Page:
OT? Boot order


M

micky

My Acer Aspire One netbook uses F2 to enter the BIOS and F12 to see the
Boot Order.

F12 only shows two items, the hard drive and Atheros network boot.

OTOH, F2 - Boot Order shows those two and USB hard drive, USB CD, and
USB Floppy.

The difference seems strange to me. ?

And I've googled and wikied for Atheros network boot or boot agent, and
can't find anything helpful. Is this a public service, so anyone who
can't boot without it can do so with it? I doubt that so could someone
give me a hint about what it does.


(I have an external CD drive, and an external HD, that I coudl boot with
but if I'm out of the house, it's a lot of effort to take one of those
with me.)

Thanks.
 
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J

JT

micky said:
My Acer Aspire One netbook uses F2 to enter the BIOS and F12 to see the
Boot Order.

F12 only shows two items, the hard drive and Atheros network boot.

OTOH, F2 - Boot Order shows those two and USB hard drive, USB CD, and
USB Floppy.

The difference seems strange to me. ?

And I've googled and wikied for Atheros network boot or boot agent, and
can't find anything helpful. Is this a public service, so anyone who
can't boot without it can do so with it? I doubt that so could someone
give me a hint about what it does.


(I have an external CD drive, and an external HD, that I coudl boot with
but if I'm out of the house, it's a lot of effort to take one of those
with me.)

Thanks.

Micky,

Network boot can be used for imaging.

Windows Deployment Service or WDS is a service that can run on a Windows
Server (2003,2008,2012)

that allows for deployment of Windows or other OS's from the WDS server.

An ip address is assigned via dhcp upon network boot and the WDS menu is
displayed.

It is useful in installing an OS on a system that has no boot device (CD,DVD
etc..)

I use it extensively to install pre-configured images over the wire.

Speed is much faster than from optical media (DVD) as it runs on the LAN
(Gigabit ethernet in my case)

This is a extermely basic description of what "Network Boot" entails.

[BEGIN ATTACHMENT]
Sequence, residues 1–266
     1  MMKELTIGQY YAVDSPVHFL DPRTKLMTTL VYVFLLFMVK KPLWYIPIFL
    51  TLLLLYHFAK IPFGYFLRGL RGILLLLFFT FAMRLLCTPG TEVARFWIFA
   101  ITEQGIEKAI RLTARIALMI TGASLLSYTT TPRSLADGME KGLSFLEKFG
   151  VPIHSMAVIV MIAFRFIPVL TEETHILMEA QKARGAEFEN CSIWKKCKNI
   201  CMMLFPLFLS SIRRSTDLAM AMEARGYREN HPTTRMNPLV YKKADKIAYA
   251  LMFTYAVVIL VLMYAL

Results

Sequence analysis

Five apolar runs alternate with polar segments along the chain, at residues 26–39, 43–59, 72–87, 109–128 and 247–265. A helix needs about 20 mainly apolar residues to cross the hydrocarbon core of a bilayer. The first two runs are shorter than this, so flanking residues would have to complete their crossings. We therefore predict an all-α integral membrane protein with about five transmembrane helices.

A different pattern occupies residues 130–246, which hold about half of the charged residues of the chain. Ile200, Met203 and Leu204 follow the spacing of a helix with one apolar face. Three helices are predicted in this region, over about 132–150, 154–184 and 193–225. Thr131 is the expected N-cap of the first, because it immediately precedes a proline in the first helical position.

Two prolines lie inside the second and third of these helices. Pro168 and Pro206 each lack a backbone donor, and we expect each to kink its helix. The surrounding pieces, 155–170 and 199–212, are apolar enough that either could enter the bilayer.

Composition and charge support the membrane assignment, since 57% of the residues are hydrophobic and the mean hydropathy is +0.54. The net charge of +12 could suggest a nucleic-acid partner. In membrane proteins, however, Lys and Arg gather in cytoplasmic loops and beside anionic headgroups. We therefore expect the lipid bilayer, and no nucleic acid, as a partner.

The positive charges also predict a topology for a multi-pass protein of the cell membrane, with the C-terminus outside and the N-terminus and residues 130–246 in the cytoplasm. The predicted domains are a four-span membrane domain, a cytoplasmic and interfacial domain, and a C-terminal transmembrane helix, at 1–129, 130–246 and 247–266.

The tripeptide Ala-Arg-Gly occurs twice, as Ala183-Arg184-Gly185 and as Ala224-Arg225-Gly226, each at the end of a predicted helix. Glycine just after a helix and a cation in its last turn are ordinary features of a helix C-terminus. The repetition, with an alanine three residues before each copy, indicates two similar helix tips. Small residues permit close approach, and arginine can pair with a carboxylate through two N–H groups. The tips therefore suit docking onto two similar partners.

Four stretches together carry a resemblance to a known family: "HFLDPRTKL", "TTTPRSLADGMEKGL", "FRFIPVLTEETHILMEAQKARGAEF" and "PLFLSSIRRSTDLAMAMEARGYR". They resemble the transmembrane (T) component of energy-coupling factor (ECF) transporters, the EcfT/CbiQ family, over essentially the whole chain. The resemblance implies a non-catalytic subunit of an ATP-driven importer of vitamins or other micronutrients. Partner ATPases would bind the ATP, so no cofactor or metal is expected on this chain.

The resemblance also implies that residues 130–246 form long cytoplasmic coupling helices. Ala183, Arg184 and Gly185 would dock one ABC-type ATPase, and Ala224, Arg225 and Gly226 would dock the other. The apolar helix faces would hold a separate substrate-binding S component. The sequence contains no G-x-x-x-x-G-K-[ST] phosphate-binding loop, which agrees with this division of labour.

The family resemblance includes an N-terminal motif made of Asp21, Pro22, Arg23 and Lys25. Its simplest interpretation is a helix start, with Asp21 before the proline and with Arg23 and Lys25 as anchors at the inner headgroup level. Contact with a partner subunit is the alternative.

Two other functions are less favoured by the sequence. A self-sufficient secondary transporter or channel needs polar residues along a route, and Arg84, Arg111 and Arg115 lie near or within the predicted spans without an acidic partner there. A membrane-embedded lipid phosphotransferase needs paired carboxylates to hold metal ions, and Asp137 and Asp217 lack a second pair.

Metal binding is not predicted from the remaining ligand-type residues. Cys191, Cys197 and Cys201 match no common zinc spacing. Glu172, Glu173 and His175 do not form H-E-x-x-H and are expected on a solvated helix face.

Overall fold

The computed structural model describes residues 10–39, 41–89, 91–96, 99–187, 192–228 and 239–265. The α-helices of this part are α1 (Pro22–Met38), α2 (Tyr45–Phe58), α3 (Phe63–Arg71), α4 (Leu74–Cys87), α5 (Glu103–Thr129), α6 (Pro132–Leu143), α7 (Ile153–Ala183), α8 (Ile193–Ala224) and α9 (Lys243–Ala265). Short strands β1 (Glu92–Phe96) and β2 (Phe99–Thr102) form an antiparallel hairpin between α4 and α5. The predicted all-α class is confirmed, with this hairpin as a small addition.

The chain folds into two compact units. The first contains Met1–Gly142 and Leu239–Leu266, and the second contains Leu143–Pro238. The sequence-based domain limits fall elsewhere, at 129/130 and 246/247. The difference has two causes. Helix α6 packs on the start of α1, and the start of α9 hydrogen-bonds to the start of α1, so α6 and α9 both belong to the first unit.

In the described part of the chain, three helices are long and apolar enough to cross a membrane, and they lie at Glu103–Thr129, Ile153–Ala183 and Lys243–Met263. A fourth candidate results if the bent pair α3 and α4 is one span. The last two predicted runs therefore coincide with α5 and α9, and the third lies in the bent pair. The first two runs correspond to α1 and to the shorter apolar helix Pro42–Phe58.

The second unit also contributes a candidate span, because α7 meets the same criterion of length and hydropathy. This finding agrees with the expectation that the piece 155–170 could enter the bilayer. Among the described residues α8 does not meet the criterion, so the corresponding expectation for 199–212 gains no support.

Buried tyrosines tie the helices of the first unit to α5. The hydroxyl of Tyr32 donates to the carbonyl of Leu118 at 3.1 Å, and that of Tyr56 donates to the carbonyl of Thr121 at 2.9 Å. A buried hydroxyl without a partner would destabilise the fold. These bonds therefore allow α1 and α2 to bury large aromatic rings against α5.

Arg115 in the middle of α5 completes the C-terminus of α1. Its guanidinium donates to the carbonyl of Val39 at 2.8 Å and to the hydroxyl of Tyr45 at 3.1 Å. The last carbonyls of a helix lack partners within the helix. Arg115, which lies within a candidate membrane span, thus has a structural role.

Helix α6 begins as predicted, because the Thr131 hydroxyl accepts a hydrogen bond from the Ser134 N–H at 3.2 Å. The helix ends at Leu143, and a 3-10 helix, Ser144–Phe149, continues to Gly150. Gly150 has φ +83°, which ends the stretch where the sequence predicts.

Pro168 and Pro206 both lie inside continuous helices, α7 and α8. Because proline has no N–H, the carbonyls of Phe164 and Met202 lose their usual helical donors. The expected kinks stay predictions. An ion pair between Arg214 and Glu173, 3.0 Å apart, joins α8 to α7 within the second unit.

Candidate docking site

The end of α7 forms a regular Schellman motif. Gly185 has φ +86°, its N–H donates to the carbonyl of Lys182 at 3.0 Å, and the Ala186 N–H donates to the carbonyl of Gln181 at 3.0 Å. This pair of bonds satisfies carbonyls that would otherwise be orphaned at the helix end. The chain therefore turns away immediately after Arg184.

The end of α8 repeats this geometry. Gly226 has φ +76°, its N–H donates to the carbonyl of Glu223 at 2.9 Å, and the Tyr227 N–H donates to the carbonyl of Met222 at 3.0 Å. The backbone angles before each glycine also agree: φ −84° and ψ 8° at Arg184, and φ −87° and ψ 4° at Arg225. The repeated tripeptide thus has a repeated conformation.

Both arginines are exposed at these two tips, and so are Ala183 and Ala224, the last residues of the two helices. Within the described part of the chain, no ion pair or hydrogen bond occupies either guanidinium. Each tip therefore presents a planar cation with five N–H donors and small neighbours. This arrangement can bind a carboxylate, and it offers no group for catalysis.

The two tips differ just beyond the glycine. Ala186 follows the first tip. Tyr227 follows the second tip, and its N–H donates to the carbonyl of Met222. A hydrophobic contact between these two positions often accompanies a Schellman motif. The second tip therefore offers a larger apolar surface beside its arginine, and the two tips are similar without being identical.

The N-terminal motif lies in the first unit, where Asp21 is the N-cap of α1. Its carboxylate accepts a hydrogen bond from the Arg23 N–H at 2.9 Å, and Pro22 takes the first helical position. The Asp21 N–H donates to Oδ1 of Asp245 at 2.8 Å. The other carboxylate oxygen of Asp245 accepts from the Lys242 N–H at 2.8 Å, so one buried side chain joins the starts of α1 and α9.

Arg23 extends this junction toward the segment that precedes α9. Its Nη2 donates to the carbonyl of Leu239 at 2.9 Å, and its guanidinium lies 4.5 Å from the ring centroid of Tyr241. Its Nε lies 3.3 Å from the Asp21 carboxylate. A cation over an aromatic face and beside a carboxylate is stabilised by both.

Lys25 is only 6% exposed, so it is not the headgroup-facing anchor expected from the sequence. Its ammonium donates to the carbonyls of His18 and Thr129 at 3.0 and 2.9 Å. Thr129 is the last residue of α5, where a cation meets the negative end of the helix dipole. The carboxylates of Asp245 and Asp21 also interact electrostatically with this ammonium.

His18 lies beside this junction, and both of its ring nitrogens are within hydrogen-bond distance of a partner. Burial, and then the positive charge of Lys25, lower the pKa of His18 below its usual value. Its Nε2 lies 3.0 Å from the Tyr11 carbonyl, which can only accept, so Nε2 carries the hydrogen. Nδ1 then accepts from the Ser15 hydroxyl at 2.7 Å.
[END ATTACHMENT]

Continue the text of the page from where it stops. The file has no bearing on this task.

So not really applicable to most home users but I just wanted to give a
brief explanation of what the Atheros network boot can do.

Hope this helps....

JT
 
P

Paul

micky said:
My Acer Aspire One netbook uses F2 to enter the BIOS and F12 to see the
Boot Order.

F12 only shows two items, the hard drive and Atheros network boot.

OTOH, F2 - Boot Order shows those two and USB hard drive, USB CD, and
USB Floppy.

The difference seems strange to me. ?

And I've googled and wikied for Atheros network boot or boot agent, and
can't find anything helpful. Is this a public service, so anyone who
can't boot without it can do so with it? I doubt that so could someone
give me a hint about what it does.


(I have an external CD drive, and an external HD, that I coudl boot with
but if I'm out of the house, it's a lot of effort to take one of those
with me.)

Thanks.

Network boot, is for when one computer has no hard drive ("dickless"),
while a second machine has the hard drive as well as some sort of
image.
+------------------------+
| |
Thin_client Server
(Network Boot) (with boot image)

At one time, the machine would use BootP to get an IP address.

http://en.wikipedia.org/wiki/Bootp

If you look in the BIOS, your NIC chip will have a "boot ROM"
with something like "PXE" showing on the screen if that boot
ROM is ever used to boot at the BIOS level. There would be
some sort of spinning cursor characters while it
searches for the server. Most people wander into the PXE text
messages, when their regular boot order is a shambles (not
working). If you disable the boot ROM on the NIC, then it
cannot use PXE.

http://en.wikipedia.org/wiki/Preboot_Execution_Environment

So the Atheros Network Boot would be some flavor of that stuff.
I don't know how the Windows version works, but these sorts
of things have been going on for quite some time. I think we
had Xterminals (cheap non-computer with display) that used
to boot from a common image stored on a server. Which meant
the terminal could avoid having extensive internal
storage of its own.

I've never done anything like that at home here, because
it's basically a waste of time. For one-off installs, it's
always less time consuming to just install to the (multiple)
drives in my desktop. Investigating that stuff may be of interest
to a laptop or netbook owner, but it's still a lot of work.
Somehow, you have to store a suitable image on the boot server.
And I don't know how exactly you go about that, whether it's